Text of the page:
The iconic painting of six-year-old Ruby Bridges integrating a school in New Orleans deeply resonated with local dancer and choreographer Afua Hall. Her upcoming performance titled Red will explain why.
The theatrical dance presentation will be showcased on three weekends, from June 28 through July 13, as part of the Sandbox Series at the Miami Theater Center in Miami Shores. Featuring a duet with local dancer Elana Lanczi and a host of music and spoken word collaborators, Hall uses movement and mixed media elements to create a dialogue about the often elusive topic of race.
Distinguishing Red as a dance-theater performance, Hall explains that the 50-minute show has "more physical theater moments that tell a story and cause the audience to think in different ways than a traditional dance performance."
A Jamaican-born dancer and New World School of the Arts graduate, Hall considers Red a gift to Ruby Bridges, whom she's never met, but whose image was seared in Hall's mind. She discovered the print of the painting "The Problem We All Live With" by Norman Rockwell ten years ago while browsing through a card shop in Harlem. In 1960, Bridges was the first African-American to enroll at her all-white elementary school. The rendering of a young Bridges being led to school by federal marshals reflects parts of Hall's own story.
A black immigrant, raised by her mother and hippie, Anglo-American stepfather, Hall's life has been somewhat of an anomaly. Emigrating from Jamaica to Chicago or "to foreign" as they say on the island, was an early departure from the norm. Hall attended boarding schools in Jamaica and France. And her family eventually relocated to South Miami, where she says few black families reside.
Hall, who studied dance since the age of two, moved to New York after graduating from New World in 2000. After stints with Philadanco and the Bronx Academy of Arts and Dance (BAAD), Hall returned to Miami with her small son, and for the past seven years has been rooted in community arts and cultural programs. The 34-year-old has taught dance in local outreach programs and presented choreographies at various shows. But her affinity for Bridges' story grew stronger and eventually compelled her to create Red.
She discussed some highlights and inspirations:
New Times: Explain some of the elements of the show.
Afua Hall: It's set in the center's small black box theater. It's very intimate. Lanczi plays [opposite] my character in it. At times we take on different characters in the Ruby Bridges story. There is one part where Lanczi plays Bridges' teacher Mrs. [Barbara] Henry, who is Ruby Bridges' only friend, and I am portraying Bridges in a brief moment. In other moments we're just being ourselves and grappling with the story in today's times.
We really transform the venue into this alternate reality. There are different parts in there that represent different themes ... from my research and talking with people. There are spoken word elements in it that are stream of consciousness-based but also provide context. Then there is original music by AJ Hill, who's a horn player with the Spam Allstars and he's writing an original score for it.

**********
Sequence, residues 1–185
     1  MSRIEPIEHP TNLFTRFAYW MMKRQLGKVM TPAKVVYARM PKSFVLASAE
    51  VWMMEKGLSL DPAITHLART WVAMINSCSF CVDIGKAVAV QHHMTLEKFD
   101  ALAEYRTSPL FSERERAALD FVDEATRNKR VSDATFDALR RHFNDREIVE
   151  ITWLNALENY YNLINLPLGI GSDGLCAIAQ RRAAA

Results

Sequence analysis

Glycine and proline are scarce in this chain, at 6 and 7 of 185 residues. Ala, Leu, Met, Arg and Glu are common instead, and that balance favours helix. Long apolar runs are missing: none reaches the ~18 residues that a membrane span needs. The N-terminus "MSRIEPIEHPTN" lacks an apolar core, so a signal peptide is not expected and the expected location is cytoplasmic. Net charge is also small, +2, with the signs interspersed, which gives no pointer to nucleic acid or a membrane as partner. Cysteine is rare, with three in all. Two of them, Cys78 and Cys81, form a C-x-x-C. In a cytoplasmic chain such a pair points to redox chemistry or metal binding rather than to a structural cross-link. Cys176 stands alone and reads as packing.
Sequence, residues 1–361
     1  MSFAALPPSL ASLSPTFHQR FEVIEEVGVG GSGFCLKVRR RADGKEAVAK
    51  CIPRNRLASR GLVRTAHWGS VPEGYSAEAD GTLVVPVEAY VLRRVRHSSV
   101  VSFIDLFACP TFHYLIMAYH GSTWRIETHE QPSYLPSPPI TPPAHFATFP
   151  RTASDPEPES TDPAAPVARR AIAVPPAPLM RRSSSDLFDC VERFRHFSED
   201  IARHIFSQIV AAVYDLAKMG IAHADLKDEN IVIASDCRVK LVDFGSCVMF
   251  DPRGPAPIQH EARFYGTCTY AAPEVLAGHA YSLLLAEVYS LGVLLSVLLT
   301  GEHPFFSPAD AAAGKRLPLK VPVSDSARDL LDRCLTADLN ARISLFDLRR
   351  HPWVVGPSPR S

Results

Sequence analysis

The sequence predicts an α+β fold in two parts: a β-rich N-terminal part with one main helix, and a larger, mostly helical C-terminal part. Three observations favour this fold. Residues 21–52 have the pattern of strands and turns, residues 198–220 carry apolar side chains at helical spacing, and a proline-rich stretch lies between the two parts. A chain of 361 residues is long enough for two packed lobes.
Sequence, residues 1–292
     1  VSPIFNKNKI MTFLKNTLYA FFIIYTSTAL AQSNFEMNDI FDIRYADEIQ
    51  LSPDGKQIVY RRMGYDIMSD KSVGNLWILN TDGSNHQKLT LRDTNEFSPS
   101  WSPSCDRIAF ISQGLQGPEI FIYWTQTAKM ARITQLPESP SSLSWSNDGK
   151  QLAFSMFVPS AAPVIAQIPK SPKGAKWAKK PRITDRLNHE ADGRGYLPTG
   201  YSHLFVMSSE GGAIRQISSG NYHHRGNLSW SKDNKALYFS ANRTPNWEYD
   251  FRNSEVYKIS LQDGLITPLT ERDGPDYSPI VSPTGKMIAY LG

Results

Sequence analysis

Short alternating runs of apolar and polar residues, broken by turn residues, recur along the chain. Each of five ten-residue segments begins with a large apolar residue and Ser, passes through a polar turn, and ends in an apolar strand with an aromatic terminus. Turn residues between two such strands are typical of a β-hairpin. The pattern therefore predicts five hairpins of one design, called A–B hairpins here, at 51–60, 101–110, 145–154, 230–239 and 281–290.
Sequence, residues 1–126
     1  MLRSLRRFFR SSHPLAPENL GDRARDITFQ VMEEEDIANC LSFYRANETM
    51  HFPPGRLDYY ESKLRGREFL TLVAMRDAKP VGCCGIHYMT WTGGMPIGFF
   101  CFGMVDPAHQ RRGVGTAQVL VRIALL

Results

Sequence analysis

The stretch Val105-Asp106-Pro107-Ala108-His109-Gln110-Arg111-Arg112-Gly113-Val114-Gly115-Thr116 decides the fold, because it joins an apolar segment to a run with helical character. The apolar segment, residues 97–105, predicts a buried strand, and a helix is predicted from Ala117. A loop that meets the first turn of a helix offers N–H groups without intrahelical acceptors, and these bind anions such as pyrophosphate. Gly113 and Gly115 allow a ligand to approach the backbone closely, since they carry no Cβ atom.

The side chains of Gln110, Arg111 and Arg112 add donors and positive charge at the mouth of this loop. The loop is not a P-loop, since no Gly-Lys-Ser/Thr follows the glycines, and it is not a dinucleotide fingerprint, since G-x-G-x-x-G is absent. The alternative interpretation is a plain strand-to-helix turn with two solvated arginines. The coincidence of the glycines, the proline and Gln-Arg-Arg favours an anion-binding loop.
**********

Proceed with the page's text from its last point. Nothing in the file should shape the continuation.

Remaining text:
Can you elaborate on your initial encounter with Ruby Bridges' story?
I was looking for a birthday present for my dad and this was when I was living in Harlem. So I'm on 125th Street. I see the Norman Rockwell print and there was this little black girl who was being led to school and there was something that I connected with. It felt like it was me and my dad in some way.
From there, what finally compelled you to develop Red?
Fast forward to two years ago and I'm at the Flamingo Plaza thrift store. I'm looking for books for my son and I come across this little pink-colored book called The Story of Ruby Bridges and I thought, "This is the same person? She really does exist?" I was confronted by my own ignorance.
I have been really interested in character -riven pieces. There is a part of me that loves abstract, formal dance pieces. But at this age, my next step as a performer is to go into dance theater. And I've been looking for ways to do that. ... So that was in the back of my mind. But I had this previous connection to the painting. Then I see the book. And [Bridges'] married last name is Hall, which is my last name.
What other similarities do you share with Ruby Bridges?
There are definitely some parallels. Like, in the neighborhood where I'm from, South Miami, I think we were one of the only mixed families ... where the train tracks still divide the black side from the white side. Not to put South Miami on blast, but I definitely felt that way when we first moved there. Also being a Jamaican immigrant, there are these expectations that you get to come "to foreign." And I think with [Bridges] there were expectations of her that, "Oh, you get to go to an all-white school, which was a huge privilege." I think I really connected to that as a child.
What do you hope audiences take away from the performance?
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I realized that I didn't know anything about the history and how recent it was. I hope people get that from it. Especially here in South Florida where it's so diverse, especially for immigrants, I feel that it's important for us to know the history of this country that we live in. ... Then I do want people to come enjoy it as a great piece of art.
Red runs June 28, 29 and July 5, 6 and 12, 13 at 8 p.m. at the Miami Theater Center, 9806 NE Second Ave., Miami Shores; tickets $20; 305-751-9550; email@example.com.
--Kai T. Hill, artburstmiami.com